As with many finer Biblical truths, be careful with reasoning that unbaptized, uncircumcised babies who die are better off. Yet, Is. 57:1 reasons this way: “The righteous perish, and no one takes it to heart; the devout are taken away, and no one understands that the righteous are taken away to be spared from evil.” And Ecc. 4:2-3 speaks positively about the unborn dying. “And I declared that the dead, who had already died, are happier than the living, who are still alive. But better than both is the one who has never been born, (not never conceived but born) who has not seen the evil that is done under the sun.” Luther says the Bethlehem boys’ death was not a punishment for sin, but an obedience pleasing to God and a highly blessed work (Wenzel, 57). 

Perhaps you think this cold comfort, and when a loss is new and fresh it is. And the fact that a pagan playwright like Sophocles can reason this way warns us about doing so. He has the chorus say in Oedipus Colonus; "Not to be born at all - that is by far the best fortune; and the second best is as soon as one is born with all speed to return thither, whence one has come." (Lines, 1225-26). Thanks be to God we have more comfort than what evil might have happened had a child lived. We have the message of hope in our text. We can say that even 50 years in we need not despair. Why? The Bible says so. We have to return to this way of thinking and speaking. Boldly stating the reason for our belief is “the Bible says so”. We are to go back to thinking and speaking this way unapologetically. And I mean this in both senses of the word apologize.

The Bible says that murderous King Herod’s plan fulfilled the Lord’s prophesy that out of Egypt He would call His Son. Jesus went to Egypt to endure faithfully what the OT church did unfaithfully. Sin, Death, and the Devil held Him captive until He fulfilled every Law given to mankind and paid every last cent owed for broken laws. We just think we suffer to pay for our sins. Oh we suffer as a consequence of our sins and sinfulness, but we don’t pay one cent toward the bottom line. Jesus did by living a sin-free life from womb to tomb, and then paying for all sins by suffering, crying, bleeding and dying on a disgusting cross for you, me, us. 

This account doesn’t just fulfill the words of one prophet but two. We have to be clear on why Rachel refused to be comforted. The Spirit cites Jeremiah 31:15: "A voice is heard in Ramah,  mourning and great weeping,  Rachel weeping for her children  and refusing to be comforted,  because her children are no more." But if you go on to read verse 16 the Lord tells Rachel not to weep for lost children because they will return to her! Their exile will be followed by return; her sorrow swallowed up by joy. (Davies, I, 869). What Rachel won’t be comforted by is saying that a death was good because it was quick, painless, at the end of  long life. She won’t be comforted by telling her if her children had lived they would’ve died evilly. Nope. The only real comfort in the ugly, ugly face of Death is no death. And that’s what Death in Christ is.

This quote from Jeremiah is pregnant with meaning. Ramah is the OT place of disasters and where all Judea goes into captivity from. It was “a city of sadness par excellent” (Ibid.). And Rachel is a sad case. She said, “Give me children or I die.” She named the child she died giving birth to “Son of my suffering.” Wisely, Father Jacob changed it to “son of my right hand.” But things are different now that the Promised Seed Rachel longed for and tried so hard to have is here. He fulfilled Scripture. No child is unwanted, unblessed, unloved in Him, by Him. If you remain in Ramah with a long-gone Rachel (remember when Jeremiah wrote it was over a 1,000 years after her), all you can do is weep in despair. This is the fate of all of us who get stuck on despair because the unbelieving World and our own Flesh seem invincible, unstoppable. If we focus on unrighted wrongs, unpunished sins, there is nothing but grief and despair on this 50-year anniversary.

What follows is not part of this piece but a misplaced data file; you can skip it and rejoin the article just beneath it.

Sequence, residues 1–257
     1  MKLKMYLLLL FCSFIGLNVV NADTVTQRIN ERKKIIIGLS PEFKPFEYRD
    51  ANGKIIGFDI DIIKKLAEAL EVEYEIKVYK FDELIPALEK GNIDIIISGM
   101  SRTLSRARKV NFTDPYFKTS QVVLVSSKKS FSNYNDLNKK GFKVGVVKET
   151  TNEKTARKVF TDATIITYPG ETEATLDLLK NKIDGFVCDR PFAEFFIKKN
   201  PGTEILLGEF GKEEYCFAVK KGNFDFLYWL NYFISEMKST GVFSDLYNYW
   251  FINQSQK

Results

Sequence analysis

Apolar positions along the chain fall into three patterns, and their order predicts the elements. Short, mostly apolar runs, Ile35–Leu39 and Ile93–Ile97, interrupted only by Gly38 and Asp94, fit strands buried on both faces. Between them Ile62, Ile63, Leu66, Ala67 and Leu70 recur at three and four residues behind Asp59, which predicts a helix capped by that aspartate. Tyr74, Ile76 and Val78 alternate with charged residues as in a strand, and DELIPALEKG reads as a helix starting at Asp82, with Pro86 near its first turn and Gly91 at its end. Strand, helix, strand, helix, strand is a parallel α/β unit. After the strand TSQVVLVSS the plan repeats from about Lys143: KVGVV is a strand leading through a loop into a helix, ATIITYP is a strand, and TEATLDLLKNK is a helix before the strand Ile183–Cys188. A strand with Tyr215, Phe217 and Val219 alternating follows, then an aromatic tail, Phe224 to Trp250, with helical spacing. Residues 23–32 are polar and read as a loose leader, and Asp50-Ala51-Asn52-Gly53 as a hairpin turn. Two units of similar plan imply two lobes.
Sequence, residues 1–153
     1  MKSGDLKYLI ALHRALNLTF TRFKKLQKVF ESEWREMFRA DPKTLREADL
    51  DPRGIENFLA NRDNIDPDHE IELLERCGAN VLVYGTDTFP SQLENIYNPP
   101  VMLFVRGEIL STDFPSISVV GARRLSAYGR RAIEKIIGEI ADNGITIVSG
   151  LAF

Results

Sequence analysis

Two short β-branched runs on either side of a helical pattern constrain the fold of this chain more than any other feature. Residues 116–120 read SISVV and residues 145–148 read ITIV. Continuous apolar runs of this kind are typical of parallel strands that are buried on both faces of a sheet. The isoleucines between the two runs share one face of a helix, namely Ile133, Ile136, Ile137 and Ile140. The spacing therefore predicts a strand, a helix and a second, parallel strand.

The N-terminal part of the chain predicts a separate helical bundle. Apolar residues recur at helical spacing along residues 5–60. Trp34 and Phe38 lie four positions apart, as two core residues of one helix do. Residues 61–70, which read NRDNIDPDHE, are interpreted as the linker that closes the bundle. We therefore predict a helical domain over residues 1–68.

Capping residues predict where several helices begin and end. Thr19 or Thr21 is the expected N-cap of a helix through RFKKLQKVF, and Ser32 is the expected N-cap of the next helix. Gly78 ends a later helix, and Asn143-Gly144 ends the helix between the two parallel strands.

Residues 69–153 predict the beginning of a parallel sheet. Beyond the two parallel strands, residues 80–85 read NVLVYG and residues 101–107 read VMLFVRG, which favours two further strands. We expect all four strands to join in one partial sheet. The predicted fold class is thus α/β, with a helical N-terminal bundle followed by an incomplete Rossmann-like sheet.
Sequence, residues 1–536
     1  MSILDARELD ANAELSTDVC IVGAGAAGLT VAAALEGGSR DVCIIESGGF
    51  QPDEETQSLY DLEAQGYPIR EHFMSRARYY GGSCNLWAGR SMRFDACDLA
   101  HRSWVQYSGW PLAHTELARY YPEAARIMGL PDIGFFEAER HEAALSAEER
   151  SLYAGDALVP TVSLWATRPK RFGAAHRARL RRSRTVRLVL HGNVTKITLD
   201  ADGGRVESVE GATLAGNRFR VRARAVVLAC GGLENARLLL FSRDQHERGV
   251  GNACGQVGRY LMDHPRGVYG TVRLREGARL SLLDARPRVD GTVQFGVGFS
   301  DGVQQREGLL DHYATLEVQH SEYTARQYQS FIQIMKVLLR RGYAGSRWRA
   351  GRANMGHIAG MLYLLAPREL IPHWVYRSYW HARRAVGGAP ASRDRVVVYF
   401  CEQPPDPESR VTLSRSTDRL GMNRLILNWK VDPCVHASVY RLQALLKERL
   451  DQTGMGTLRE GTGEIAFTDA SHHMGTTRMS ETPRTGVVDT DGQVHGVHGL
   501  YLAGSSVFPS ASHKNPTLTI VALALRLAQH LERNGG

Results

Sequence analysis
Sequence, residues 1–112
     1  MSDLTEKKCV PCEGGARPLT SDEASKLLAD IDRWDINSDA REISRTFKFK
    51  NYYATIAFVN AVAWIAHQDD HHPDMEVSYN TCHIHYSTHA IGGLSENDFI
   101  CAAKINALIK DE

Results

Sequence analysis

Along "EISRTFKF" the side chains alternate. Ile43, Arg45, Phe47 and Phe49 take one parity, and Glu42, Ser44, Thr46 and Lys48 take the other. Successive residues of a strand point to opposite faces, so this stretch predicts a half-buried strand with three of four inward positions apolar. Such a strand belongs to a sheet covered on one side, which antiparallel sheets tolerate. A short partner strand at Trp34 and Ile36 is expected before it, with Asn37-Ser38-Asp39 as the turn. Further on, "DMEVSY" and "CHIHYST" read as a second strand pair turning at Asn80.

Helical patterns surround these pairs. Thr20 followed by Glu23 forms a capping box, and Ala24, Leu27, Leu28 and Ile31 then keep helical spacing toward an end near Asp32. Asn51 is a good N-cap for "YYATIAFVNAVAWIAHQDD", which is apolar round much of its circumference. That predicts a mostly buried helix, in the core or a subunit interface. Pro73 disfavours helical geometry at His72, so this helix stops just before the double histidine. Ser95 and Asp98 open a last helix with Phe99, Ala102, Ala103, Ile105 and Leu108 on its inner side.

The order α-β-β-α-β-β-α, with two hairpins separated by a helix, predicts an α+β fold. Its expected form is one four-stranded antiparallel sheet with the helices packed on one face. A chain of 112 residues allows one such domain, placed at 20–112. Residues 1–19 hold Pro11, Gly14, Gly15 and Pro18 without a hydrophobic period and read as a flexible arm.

If we live in despair we’ll act in it. And that usually leads to taking the law into your own hands. You don’t have to think too long or hard to arrive at the unbiblical conclusion that abortion clinics ought to be bombed and abortionists gunned down. The more the Woke people assert their 50-year right to murder the unborn, the more we feel pushed to take the law into our own hands. Don’t get me wrong: There is place for the wrath of men. Ps. 76:10 says, “Surely the wrath of man shall praise Thee.” But James 1:20 warns, “The wrath of man works not the righteousness of God.” Rather than focus on your wrath focus on how God’s wrath was satisfied by Jesus’ innocent life and His guilty death. And remember the Holy Innocents.

There are many legends connected with the Flight to Egypt. Jesus meets the Penitent Thief on the cross first here. Trees bowed in adoration when Jesus passed. All the idols in Egypt fell face down. These were invented to cover up the shame of God Almighty in flesh and blood needing the protection of a human stepfather and having to flee a lying, murderous politician (Wenzel, 56). Skip the legends; embrace the defeats of Jesus and recognize they’re not. Our text teaches that nothing will deter God from fulfilling His good and gracious will not even the death of babies (Gibbs, 143). The sins of people and world leaders, like Herod, will not have the last word even in this world. The Baby born at Bethlehem does (Ibid., 144). And that Word will always be for us. Amen

Rev. Paul R. Harris

Trinity Lutheran Church, Austin, Texas

Holy Innocents, Martyrs (Life Sunday, 20230122), Matthew 2:13-18